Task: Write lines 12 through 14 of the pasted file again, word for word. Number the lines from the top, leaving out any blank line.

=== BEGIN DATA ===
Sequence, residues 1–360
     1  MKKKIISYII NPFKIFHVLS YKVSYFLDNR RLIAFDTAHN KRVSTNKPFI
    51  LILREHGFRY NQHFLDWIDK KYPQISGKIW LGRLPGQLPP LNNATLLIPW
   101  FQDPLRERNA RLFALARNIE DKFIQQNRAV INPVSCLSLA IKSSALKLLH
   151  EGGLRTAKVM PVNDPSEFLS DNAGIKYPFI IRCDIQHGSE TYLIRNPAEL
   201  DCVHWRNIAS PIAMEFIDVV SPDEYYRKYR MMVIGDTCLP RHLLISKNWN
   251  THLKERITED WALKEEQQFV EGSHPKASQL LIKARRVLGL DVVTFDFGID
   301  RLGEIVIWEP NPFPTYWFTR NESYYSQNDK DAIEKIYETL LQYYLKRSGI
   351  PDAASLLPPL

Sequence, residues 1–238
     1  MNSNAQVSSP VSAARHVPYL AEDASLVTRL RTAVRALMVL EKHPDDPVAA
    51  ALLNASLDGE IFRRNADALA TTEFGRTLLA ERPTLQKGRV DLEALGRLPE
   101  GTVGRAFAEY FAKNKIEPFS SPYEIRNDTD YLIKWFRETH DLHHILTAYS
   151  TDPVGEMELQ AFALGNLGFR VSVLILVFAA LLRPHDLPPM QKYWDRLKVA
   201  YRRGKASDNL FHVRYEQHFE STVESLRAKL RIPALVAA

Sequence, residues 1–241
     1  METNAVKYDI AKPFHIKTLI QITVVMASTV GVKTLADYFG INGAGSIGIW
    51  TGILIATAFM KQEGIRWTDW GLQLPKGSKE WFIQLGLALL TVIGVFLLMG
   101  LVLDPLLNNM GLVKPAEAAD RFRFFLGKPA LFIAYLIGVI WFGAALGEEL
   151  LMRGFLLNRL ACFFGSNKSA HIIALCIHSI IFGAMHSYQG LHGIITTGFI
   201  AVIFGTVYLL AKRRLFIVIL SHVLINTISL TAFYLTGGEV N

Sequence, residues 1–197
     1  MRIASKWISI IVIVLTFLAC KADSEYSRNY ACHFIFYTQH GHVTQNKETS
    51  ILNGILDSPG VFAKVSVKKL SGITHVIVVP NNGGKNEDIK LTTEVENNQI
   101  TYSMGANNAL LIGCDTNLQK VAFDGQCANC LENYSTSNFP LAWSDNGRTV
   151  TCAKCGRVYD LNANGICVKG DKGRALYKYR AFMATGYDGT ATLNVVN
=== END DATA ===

    51  ALLNASLDGE IFRRNADALA TTEFGRTLLA ERPTLQKGRV DLEALGRLPE
   101  GTVGRAFAEY FAKNKIEPFS SPYEIRNDTD YLIKWFRETH DLHHILTAYS
   151  TDPVGEMELQ AFALGNLGFR VSVLILVFAA LLRPHDLPPM QKYWDRLKVA